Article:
• Advance Wars 1+2: Re-Boot Camp, a combined remake of the two Advance Wars games released on the Game Boy Advance, for the Nintendo Switch.
  • Inverted with the Xbox One, which is the successor to the Xbox 360 and the third generation of the Xbox consoles, not another name/model for the Original Xbox. By the way, the "Original" being capitalized there? That's Microsoft's official retronym for that console since the release of the Xbox One.
  • Inverted with Battlefield 1, which is not another name for the original Battlefield1, but is actually a title set in a liberally-portayed World War I. The first game of the series was Battlefield 1942.
  • Insecticide Part 1, was the first portion of a PC game that was Divided for Publication. However, Part 2 was canceled due to the publisher GameCock being purchased by SouthPeak Games. A scaled-down version was released for the DS simply titled Insecticide, that includes most of the content that was planned for Part 2, but lacks the voice acting of the original PC version and the cinematics are just slideshows. To make up for this, the developers uploaded the cutscenes they made for the PC version on YouTube.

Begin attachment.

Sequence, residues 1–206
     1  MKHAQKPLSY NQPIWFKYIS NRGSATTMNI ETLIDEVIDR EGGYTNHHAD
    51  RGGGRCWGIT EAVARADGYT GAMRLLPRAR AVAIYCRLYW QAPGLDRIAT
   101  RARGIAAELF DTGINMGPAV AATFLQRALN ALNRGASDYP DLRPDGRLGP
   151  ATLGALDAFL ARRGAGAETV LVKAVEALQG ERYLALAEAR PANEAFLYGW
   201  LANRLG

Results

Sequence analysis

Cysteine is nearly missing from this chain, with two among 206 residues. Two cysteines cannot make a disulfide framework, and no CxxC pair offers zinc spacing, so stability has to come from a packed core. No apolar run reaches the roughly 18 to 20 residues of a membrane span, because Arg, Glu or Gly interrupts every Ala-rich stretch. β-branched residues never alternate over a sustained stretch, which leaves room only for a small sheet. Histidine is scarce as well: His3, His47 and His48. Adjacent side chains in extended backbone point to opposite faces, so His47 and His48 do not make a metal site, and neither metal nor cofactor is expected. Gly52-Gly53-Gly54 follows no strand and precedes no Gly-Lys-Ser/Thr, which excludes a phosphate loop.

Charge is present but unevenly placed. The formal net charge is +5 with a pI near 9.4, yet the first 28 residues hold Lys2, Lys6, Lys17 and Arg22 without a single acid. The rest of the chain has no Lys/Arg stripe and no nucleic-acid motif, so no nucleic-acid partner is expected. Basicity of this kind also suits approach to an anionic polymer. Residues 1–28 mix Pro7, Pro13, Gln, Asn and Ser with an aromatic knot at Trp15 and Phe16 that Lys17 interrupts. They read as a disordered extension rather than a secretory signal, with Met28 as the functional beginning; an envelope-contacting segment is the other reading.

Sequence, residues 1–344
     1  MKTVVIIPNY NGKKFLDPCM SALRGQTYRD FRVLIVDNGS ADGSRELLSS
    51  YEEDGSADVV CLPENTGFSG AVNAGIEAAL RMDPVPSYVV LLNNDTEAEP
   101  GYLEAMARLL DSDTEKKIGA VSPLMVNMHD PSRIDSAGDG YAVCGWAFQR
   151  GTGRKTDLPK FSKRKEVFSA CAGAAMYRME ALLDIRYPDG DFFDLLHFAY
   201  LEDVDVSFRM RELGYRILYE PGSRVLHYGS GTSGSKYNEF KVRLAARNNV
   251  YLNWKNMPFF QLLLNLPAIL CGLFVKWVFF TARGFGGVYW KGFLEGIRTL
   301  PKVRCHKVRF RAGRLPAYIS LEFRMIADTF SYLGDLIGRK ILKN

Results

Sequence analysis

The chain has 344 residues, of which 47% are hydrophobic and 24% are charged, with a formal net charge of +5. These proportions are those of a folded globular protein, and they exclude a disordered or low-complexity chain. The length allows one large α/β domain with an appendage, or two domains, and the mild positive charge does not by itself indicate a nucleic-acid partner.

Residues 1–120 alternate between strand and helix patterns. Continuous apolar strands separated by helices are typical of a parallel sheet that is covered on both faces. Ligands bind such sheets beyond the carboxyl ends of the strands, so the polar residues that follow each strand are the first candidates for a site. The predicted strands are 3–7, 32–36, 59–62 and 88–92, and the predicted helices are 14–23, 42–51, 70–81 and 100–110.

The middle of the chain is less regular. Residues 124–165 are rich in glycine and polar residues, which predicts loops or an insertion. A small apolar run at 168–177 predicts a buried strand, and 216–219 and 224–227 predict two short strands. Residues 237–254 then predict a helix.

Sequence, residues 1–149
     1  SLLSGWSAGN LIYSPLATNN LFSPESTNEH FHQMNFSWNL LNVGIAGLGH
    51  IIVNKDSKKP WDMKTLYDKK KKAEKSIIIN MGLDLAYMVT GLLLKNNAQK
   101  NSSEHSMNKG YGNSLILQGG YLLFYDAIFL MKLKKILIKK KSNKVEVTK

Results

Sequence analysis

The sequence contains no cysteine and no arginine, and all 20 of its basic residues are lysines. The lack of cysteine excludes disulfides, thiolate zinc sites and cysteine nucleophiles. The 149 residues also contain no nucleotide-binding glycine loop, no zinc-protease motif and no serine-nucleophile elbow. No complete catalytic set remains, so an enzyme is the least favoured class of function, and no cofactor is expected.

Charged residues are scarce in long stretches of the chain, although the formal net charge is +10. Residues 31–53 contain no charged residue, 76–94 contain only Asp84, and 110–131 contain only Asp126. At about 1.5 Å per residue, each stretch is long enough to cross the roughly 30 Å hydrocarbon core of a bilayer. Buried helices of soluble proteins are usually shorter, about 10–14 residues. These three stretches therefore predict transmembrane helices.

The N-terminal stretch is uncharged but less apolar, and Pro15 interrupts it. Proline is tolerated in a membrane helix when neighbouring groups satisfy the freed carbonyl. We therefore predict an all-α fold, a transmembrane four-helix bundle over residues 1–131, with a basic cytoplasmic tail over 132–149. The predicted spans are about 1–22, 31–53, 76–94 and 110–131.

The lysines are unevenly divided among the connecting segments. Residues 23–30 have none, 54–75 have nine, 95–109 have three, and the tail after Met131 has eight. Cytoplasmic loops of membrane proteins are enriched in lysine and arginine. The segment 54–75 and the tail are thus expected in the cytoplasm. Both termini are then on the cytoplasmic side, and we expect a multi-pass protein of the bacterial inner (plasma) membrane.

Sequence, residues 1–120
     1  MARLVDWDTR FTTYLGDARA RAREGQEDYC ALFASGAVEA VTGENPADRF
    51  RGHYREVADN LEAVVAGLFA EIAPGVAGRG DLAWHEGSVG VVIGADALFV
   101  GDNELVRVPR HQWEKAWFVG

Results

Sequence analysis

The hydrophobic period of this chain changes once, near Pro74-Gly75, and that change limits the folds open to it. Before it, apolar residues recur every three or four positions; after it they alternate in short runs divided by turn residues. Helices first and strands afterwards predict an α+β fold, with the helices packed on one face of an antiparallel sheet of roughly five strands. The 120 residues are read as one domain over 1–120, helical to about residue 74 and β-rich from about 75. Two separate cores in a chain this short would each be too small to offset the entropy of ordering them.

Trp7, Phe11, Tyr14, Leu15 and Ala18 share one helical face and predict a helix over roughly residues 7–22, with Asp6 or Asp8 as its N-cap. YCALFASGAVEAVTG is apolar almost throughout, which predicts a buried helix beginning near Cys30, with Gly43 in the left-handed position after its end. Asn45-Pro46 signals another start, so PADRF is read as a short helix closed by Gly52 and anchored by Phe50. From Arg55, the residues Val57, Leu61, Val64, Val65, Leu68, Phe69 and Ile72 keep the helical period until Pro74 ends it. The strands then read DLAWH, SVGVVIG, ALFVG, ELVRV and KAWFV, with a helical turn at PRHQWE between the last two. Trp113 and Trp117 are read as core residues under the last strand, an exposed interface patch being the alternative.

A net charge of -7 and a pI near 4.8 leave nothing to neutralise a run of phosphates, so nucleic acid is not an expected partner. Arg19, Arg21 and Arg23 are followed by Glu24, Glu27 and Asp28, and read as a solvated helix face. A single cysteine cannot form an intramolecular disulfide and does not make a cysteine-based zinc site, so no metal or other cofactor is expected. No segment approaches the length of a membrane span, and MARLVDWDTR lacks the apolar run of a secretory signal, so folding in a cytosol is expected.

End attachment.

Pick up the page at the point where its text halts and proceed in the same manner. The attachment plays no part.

• The PlayStation and Nintendo DS ports of the original Front Mission were released under title of Front Mission 1st.
  • ESPN Extreme Games, one of the North American launch titles for the original PlayStation, was re-released as 1Xtreme after Sony's license to use the ESPN branding expired (the game's sequel, 2Xtreme, was already released at that point).
  • Inspector Gadget: Mission 1 – Global Terror! for PC, which never had a sequel.
  • Buriki One: World Grapple Tournament '99 in Tokyo
  • Metal Slug: 1st Mission and Fatal Fury: 1st Contact were both Neo Geo Pocket games, but only the former got a sequel.
  • The original Shenmue was subtitled in Japan Isshō: Yokosuka, or "Chapter 1: Yokosuka". Sega's original plan was to sell the series as serialized installments, each set in a key location in the game's story, but this was abandoned in favor of having the sequels span several locations (hence why the second game was titled Shenmue II and not Shenmue Chapter 2).
  • Star Gladiator Episode I: Final Contact. The sequel, which was titled Star Gladiator 2 in Japanese, was titled Plasma Sword internationally.